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James Gandolfini, who died of a heart attack Wednesday at age 51, became a Hollywood icon playing Tony Soprano, a mob boss groping with the psychological tolls of living a life of daily brutality. Gandolfini used his celebrity to shine a light on the challenges facing members of the U.S. Armed Forces, many of whom, though separated by a moral chasm, suffered from similar issues.
The actor produced several documentaries for HBO on the topic after a visit to the front lines of Operation Iraqi Freedom left him devastated and deeply moved by their sacrifices. The first, made in conjunction with the Wounded Warrior Project, was Alive Day Memories: Home From Iraq and featured interviews with soldiers who survived the war with their lives intact but were left with serious physical injuries.
“I came back and was struck by the silence here in this country about what’s going on over there,” Gandolfini told NBC Nightly News‘ Brian Williams in 2007. “When I talked to these soldiers, I was struck by — you can be cynical on both coasts or wherever you are — honor, duty, loyalty to your country. It hit me. I guess some people forget about that, or don’t think about it.”
HBO threw a premiere party for the documentary at the Morgan Library in New York. It was a somewhat subdued affair compared to may of the network’s parties. Men — and at least one woman — in uniform with missing arms and legs were mingling, a little uncomfortably, at a cocktail party in their honor. But they weren’t uncomfortable around Gandolfini. And he wasn’t in any way uncomfortable around them.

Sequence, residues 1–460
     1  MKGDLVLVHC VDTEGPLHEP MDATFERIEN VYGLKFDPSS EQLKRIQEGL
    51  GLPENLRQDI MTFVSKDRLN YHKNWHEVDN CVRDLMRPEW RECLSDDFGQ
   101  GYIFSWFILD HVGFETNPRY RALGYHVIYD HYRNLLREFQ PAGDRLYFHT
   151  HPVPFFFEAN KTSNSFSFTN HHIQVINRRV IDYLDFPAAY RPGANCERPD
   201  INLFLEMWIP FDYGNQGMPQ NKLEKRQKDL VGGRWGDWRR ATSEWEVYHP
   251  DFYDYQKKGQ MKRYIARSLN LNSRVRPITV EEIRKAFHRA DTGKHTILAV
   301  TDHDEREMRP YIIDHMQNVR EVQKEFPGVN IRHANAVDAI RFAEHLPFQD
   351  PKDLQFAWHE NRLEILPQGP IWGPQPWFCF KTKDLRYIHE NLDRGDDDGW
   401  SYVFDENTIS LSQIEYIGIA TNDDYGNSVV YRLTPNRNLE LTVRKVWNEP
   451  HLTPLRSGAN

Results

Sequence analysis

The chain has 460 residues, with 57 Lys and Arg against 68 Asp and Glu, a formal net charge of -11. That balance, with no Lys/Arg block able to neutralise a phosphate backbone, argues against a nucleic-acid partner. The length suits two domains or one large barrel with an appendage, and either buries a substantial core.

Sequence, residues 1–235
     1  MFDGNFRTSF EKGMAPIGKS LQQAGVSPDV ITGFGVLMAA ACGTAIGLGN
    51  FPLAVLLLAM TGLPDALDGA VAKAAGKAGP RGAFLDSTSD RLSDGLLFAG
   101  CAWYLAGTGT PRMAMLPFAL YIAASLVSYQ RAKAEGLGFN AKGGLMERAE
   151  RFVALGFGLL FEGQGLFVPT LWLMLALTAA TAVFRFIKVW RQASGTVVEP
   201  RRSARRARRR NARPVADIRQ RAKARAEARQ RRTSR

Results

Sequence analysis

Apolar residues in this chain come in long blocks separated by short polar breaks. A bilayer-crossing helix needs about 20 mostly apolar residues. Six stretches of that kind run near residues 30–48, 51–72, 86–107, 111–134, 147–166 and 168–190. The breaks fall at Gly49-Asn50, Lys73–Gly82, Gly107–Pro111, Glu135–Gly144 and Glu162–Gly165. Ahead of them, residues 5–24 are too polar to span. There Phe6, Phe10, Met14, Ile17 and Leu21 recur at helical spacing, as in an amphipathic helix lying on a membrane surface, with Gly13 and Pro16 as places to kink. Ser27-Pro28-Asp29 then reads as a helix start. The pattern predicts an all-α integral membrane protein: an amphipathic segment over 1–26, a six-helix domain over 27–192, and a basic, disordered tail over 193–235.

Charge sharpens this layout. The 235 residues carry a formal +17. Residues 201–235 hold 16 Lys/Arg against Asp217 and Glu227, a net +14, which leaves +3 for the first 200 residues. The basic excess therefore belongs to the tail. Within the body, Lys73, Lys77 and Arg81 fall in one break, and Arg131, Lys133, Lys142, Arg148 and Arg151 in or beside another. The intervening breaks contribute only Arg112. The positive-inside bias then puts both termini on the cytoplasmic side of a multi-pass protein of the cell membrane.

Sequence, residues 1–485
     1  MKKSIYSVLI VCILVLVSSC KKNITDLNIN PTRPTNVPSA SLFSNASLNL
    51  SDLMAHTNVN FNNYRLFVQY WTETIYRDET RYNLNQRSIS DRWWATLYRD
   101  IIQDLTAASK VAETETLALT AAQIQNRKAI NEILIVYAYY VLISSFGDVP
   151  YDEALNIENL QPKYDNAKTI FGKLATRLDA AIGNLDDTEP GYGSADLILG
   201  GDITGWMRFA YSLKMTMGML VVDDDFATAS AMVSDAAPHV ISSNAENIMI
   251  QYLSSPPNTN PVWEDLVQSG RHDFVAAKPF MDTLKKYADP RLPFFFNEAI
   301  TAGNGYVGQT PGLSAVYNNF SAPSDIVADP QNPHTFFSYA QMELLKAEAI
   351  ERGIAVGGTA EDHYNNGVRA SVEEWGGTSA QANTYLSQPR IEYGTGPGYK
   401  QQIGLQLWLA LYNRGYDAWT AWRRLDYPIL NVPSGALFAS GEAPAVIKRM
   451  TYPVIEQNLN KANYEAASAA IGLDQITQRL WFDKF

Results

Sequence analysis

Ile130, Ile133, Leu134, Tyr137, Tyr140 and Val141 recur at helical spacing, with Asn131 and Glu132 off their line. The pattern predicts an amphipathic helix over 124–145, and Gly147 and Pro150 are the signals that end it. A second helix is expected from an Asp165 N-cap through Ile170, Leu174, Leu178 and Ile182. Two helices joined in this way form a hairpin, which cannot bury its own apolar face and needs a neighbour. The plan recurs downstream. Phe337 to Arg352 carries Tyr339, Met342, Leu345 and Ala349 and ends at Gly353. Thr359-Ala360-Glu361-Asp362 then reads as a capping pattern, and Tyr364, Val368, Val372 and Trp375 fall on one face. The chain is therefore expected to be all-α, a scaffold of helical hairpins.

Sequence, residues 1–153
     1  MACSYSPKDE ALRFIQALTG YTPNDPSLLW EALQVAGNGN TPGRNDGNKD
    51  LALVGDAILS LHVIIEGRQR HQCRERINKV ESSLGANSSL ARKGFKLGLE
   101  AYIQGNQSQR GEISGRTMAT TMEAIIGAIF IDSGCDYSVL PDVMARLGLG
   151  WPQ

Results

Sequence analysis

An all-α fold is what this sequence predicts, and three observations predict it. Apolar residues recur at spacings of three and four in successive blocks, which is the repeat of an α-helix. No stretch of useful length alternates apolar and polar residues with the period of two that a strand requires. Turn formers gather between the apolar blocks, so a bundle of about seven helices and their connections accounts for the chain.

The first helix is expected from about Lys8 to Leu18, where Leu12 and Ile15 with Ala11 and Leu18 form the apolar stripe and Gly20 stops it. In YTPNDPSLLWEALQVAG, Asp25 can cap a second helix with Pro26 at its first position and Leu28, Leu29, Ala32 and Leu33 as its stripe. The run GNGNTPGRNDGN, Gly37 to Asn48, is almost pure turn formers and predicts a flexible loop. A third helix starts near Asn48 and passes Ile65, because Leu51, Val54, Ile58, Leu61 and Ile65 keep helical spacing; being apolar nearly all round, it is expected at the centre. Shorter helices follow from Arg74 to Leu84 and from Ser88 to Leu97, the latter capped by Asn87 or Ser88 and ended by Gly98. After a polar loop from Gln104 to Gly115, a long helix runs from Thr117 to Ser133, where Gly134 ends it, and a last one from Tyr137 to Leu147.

Suddenly, one of the veterans, a young man, started to become agitated and began to yell incoherently. The cocktail party guests were shocked and embarrassed. Gandolfini bounded from the other side of the room and hugged him. “You’re alright, you’re alright. We love you,” he said.
Gandolfini followed that film three years later with Wartorn: 1861-2010, another HBO documentary that traced the history of post-traumatic stress disorder — previously known as shell-shock and combat fatigue — throughout American history.
Shifting the focus to war’s invisible wounds, Wartorn, which Gandolfini executive produced, featured the moving stories of vets of WWII, the Vietnam War, Operation Desert Storm and Operation Iraqi Freedom — some of whom spoke out about PTSD for the first time. Gandolfini himself led several insightful conversations with top U.S. military personnel, including Gen. Ray Odierno, then-commander of U.S. troops in Iraq, and Gen. Peter Chiarelli, former vice chief of staff of the U.S. Army.
Co-director Jon Alpert thinks that Gandolfini himself was the only reason many of these soldiers were willing to open up about these very personal struggles.
“People feel like they know him,” Alpert said in 2010. “First of all, he’s very sincere in his concern. Second, he’s been in their living rooms every Sunday for five years. He portrays a big tough guy who was psychologically wounded by the things he’s had to do and he’s seen. As a result of that, they’re ready to talk. From the lowest ranking service member to the top generals, they opened up very quickly to him.”
“Jim was a wonderful friend. Of mine and of America’s soldiers,” Alpert told The Hollywood Reporter on Wednesday. “He appreciated their sacrifice and service and worked to help them in any way he could.”
East Coast Television Editor Marisa Guthrie contributed to this report.
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